MLS roundup: Houston, Vancouver sit on top of their conferences after day one

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The 2014 Major League Soccer season didn’t start with a bang as much as it recovered with one; at least, on opening day. When Seattle and Sporting Kansas City, the day’s first game, went into second half stoppage time scoreless, the season’s first day seemed destined to stay cagey and congested. What followed throughout the rest of the day was a five stoppage time goals, three two-goal performances, and two clubs who exploded for four on their guests. By day’s end, the combative play that defined most of the season’s first game had faded into a distant memory, with Saturday’s seven games providing us with 21 goals.

When the dust settled, Houston sat on top of the Eastern Conference, with a strong opener from Will Bruin (two goals, one assist) leading the Dynamo to a four-goal win over New England. In the West, the Vancouver Whitecaps sit atop the conference, with two goals from Kenny Miller helping former Red Bull Carl Robinson rout New York in his head coaching debut.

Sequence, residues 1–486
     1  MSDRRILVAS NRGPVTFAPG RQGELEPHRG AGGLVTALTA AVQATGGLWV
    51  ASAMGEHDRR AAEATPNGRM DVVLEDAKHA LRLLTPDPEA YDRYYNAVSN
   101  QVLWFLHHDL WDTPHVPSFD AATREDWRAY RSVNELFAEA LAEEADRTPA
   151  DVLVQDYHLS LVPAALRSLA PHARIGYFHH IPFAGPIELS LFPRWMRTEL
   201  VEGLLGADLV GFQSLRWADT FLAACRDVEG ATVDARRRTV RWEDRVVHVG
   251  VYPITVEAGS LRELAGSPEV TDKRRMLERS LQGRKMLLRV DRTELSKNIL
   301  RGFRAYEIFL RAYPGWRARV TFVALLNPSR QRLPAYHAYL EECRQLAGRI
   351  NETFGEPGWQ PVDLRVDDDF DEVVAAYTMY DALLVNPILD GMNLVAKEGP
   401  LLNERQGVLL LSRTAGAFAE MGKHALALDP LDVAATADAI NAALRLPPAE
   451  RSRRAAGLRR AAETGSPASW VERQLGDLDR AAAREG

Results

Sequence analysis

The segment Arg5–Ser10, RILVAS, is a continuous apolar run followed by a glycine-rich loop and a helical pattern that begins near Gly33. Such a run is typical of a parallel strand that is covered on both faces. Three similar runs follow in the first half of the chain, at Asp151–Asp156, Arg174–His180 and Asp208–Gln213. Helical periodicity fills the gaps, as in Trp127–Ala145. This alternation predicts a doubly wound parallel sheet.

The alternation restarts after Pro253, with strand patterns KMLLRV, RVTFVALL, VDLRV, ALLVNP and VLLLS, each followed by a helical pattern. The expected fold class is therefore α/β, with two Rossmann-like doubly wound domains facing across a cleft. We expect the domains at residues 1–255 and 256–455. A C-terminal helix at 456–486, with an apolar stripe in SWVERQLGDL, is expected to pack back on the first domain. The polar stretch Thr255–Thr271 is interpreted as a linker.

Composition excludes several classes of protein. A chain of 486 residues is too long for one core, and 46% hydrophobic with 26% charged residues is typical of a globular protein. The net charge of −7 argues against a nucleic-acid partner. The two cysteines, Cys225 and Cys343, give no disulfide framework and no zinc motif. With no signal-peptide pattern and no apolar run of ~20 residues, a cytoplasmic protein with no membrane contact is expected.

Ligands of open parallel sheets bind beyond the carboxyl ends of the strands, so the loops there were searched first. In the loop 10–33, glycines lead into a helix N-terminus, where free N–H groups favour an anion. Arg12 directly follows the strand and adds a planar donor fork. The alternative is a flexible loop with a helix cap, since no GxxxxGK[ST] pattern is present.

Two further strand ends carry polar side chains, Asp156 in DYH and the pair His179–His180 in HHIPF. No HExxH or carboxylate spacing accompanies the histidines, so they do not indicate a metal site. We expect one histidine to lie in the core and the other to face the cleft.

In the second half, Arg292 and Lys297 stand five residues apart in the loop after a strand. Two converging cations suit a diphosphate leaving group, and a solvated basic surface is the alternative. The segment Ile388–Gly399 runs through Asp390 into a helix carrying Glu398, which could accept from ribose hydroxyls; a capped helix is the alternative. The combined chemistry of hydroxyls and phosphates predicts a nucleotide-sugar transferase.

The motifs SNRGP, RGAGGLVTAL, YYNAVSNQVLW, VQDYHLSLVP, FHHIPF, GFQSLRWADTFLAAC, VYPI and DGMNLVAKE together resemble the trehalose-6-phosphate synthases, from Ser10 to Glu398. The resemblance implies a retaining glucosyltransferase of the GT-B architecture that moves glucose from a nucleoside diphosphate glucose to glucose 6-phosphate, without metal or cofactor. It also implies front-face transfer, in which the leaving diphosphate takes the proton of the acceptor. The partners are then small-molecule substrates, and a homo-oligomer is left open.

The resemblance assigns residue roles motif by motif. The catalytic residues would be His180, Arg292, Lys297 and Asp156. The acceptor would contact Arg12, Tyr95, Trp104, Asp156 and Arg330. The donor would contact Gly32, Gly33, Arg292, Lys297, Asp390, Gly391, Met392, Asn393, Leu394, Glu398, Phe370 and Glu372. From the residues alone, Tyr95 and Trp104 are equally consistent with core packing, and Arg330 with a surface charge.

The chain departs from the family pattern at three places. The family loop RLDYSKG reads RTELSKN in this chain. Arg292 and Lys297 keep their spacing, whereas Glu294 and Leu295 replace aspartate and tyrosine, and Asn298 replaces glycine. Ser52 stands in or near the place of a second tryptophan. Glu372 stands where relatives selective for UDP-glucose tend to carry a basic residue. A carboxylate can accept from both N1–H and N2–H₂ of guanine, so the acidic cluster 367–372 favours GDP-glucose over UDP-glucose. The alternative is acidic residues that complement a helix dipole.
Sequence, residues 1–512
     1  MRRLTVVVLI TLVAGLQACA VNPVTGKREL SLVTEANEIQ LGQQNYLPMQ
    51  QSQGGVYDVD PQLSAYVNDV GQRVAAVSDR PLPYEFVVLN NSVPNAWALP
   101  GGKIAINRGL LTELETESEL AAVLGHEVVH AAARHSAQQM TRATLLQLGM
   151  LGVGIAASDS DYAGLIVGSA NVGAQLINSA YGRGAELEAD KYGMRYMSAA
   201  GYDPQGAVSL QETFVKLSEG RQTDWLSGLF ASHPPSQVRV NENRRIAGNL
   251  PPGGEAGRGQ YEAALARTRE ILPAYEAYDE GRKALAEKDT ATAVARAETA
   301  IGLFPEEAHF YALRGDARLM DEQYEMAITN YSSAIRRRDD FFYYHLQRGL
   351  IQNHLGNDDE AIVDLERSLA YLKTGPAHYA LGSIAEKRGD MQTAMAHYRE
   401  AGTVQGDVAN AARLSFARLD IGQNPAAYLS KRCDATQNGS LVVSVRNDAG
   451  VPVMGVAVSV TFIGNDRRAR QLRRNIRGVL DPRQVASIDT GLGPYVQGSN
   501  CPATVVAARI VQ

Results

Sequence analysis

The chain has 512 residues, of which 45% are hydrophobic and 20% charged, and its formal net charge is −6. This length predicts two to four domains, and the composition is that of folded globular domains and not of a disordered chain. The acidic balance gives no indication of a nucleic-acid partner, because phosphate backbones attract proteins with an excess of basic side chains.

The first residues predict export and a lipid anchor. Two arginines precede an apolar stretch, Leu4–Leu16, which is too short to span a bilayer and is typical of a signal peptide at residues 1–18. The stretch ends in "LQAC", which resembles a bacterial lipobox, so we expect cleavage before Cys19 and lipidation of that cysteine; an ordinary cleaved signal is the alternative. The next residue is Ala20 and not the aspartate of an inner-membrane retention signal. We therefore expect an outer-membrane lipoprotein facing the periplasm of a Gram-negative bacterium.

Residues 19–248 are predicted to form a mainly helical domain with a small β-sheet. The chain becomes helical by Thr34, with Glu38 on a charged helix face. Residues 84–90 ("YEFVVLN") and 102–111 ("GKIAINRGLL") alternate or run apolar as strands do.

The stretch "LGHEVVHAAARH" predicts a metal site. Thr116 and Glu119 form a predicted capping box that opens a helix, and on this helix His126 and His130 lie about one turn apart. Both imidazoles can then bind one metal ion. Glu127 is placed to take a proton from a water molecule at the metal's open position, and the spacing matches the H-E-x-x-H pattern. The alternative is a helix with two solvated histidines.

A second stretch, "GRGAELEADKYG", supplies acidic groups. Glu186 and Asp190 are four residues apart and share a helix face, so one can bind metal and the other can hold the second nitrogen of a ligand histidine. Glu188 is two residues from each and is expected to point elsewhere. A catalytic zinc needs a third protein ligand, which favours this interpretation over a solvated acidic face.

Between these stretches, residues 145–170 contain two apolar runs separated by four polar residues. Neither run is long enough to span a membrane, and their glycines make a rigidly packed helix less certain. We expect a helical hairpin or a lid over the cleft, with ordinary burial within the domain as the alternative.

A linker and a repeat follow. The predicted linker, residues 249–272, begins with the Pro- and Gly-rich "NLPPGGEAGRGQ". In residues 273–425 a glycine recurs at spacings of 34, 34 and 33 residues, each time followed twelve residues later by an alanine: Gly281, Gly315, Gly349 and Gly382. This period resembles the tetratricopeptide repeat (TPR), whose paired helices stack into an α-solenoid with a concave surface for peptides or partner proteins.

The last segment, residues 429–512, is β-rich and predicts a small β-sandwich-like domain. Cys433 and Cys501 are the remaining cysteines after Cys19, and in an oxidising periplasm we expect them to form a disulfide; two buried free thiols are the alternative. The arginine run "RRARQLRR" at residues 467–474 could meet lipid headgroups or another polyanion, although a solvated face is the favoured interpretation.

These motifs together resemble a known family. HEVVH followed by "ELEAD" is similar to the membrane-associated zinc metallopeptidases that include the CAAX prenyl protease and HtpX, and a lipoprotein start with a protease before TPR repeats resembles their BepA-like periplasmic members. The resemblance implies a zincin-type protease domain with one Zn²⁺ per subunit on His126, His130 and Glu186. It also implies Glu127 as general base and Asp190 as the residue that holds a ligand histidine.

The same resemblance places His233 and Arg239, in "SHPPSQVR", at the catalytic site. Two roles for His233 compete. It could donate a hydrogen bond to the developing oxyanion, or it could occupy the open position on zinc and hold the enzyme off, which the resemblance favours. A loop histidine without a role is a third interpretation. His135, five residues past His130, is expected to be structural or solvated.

Here’s how the rest of Major League Soccer’s opening day played out.

Seattle Sounders 1-0 Sporting Kansas City

A game short on chances saw the Sounders convert on their best one, with a stoppage time cross from Home Grown attacker Sean Okoli eventually producing Chad Barrett’s game-winning goal. With a CONCACAF Champions League from Liga MX’s Cruz Azul on the horizon, Peter Vermes was cautious with four of his starters, a decision that may have cost him Saturday at CenturyLink.

(MORE: Sporting Kansas City at Seattle: Takeaways from the opening game of MLS’s 2014 season)

D.C. United 0-3 Columbus Crew

Two goals from Federico Higuaín sullied the unveiling of a new-look D.C. United, with eight new starters producing little change from 2013’s record-setting results. With only 13,840 in attendance at RFK Stadium, United managed one shot on target – a disappointing omen for a team that scored 22 goals last season.